Apr 282010

The Shondes, My Dear One

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Artist: The Shondes
Album: My Dear One
Label: Fanatic Records
Release Date: Tueday, 2010.5.4
Score: 9.5/10

I’ve often harped on the importance of Sophomore albums. They’re easily important as first and last albums, and perhaps even more so if the band wants to have any sort of longevity. So it’s my pleasure to say that the second album from The Shondes is good. Really damned good.

Loyal readers (there have to be at least a few of you) will remember that The Shondes released one of my favorite albums of 2008. That debut (Red Sea) was one of the most original and important albums of the year. It was also awesomely fun and rocked pretty damned hard.

Well, The Shondes’ sophomore effort is about to hit the market and, thanks to the good folks at Fanatic Records, I’m happy to report that I’ve gotten my hot little hands on a copy. And it’s flat-out awesome. It’s every bit as excellent as their first album.

The instrumentation and pacing of the new album are much as they were in the last one. Energetic, mid-tempo rock songs with a lyrical focus and plenty of tasty instrumental hooks. (For the record, the violin/guitar/bass/drums instrumentation works far better than I would ever have imagined.)

The Shondes themselves claim that it’s a break up album. But I genuinely think it’s more than that. I think it speaks to a deeper, more visceral human experience. While most of the songs are framed in terms of the end of a relationship, I think that it’s really more of a heartbreak album. Heartbreak is a more universal human experience, and I think it’s one that My Dear One speaks to well extremely well. Songs like “Nothing Glows” powerfully evoke the sick, sad greying effect of heartbreak. The notion that one’s “bruises don’t turn black and blue” is a particularly effective image for the fact that it shows just how dulling heartbreak can be.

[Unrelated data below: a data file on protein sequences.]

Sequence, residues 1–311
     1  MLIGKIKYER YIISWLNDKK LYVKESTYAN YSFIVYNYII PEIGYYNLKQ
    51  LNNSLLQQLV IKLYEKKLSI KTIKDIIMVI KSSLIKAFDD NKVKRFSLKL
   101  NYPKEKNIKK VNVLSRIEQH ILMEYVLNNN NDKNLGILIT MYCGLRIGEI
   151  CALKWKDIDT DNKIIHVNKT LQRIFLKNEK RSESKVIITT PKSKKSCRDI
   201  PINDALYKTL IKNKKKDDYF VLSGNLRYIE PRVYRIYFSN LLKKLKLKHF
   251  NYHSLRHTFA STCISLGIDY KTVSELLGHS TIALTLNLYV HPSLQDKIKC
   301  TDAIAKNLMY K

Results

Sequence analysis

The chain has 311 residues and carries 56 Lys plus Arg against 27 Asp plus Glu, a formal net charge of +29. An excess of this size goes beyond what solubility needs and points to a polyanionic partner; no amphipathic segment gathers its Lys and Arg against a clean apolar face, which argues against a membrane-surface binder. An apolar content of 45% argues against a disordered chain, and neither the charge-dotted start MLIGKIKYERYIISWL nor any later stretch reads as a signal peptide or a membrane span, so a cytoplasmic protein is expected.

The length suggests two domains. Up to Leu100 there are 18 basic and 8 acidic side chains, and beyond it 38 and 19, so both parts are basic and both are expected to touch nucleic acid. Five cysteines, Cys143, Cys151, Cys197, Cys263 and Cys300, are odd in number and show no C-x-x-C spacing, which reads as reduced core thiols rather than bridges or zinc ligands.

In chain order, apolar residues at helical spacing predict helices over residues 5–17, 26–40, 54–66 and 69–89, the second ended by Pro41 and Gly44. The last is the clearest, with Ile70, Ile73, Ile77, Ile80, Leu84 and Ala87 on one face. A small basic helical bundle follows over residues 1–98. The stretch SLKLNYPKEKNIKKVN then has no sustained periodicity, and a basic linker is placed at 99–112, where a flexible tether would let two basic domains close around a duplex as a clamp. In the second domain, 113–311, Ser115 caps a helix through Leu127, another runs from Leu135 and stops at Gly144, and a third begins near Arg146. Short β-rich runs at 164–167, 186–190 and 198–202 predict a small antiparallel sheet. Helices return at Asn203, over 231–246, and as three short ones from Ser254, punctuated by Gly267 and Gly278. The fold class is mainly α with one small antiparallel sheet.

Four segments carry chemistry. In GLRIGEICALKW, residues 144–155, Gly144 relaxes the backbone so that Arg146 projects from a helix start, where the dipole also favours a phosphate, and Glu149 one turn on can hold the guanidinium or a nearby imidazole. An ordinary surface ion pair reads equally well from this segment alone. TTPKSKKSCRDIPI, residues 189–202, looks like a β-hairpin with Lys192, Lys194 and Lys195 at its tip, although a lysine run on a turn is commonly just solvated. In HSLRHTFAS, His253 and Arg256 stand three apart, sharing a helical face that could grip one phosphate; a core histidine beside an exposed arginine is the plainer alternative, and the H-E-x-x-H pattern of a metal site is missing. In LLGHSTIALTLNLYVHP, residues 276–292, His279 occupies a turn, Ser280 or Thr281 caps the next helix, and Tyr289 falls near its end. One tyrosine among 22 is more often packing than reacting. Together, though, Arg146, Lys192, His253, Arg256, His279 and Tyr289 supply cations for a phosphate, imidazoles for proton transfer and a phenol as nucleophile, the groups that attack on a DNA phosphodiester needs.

The lyrical focus of the Shondes’ sound lends itself particularly well to this album. Songs like “You Ought to Be Ashamed” profit from my lyrical breaks and a melody that’s carried (or at least matched) in the vocals. This is largely to the credit of Louisa Rachel Solomon, who provides most of the album’s vocals and whose dusky, dextrous voice is powerful and expressive throughout the entire album. (Though for a particularly good example, give a listen to “Miami”.) Also notable are the vocals that Elijah Olberman contributes to the album (“The Coming Night” and “All the Good Things”). Olberman’s smooth, expressive voice has a wonderfully androgynous quality.

As in the first album, Temim Fruchter’s drumming is rock solid. Fruchter reminds me of some of the best jazz drummers I’ve heard, adding energy and style to a song while never stealing the show. (Cf. “Fire Again” and Fruchter’s rambling, snare-heavy lines.) Solomon’s bass work is similarly solid and unobtrusive.

The only lineup change since the first album is the replacement of Ian Brannigan with an artist named Fureigh. Fureigh’s style is remarkably similar to Brannigan’s, and meshes well with the rest of the band.

My only major complaints about the album are with regards to the production quality. The whole album seems to have a flat, muted sound to it. This saps it of some of the energy it would otherwise have. This is particularly noticeable (unfortunately) on the lead title track. While this sound grew on me somewhat, I feel like the album could have profited from a brighter, cleaner sound and less post-production sophistry.

My Dear One is great rock album. It’s raw, emotional, and gutsy as hell. Songs like “Let’s Make It Beautiful” show how well the Shondes can take classic Rock forms and give them a unique sound and form to create something new and interesting. This album is well worth the price, both for fans of the first Shondes album and for people who love rock and want to hear something that’s genuinely new.

Dec 172008

Best Albums of 2008

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Well, it’s that time of the year folks.  Snow is on the ground and lists are in the air.  And not one to miss out on a good excuse for a list, this week’s Tuesday Playlist will be usurped instead by my picks for best album of the year.  Two notes before we begin, though:

1.) So I take it from the resounding silence on Friday that no one who reads this blog is interested in playing the Friday Five Quiz Game.   (Save for Ann.  Thanks, Ann!)  I dig.  If anyone’s still curious, the answer was that all the bands had had a member die while the band was active.

2.) As my friend Mike reminded me, the new album by Jubilee is supposed to be out sometime before the end of the year.  Now that I’ve been reminded of that, I do remember reading that somewhere, but now I can’t find any info on a hard release date.

So with those notes out of the way, on to the list.  There was some pretty stiff competition this year, and a lot of records that would have been clear choices other years just didn’t quite make the cut.  Below are my choices for the best albums of 2008.  As always, feel free to tell me in the comments just how wrong I am.

Fifty-Two Tuesday’s Best Albums of 2008

5.) Yael Naim, Yael Naïm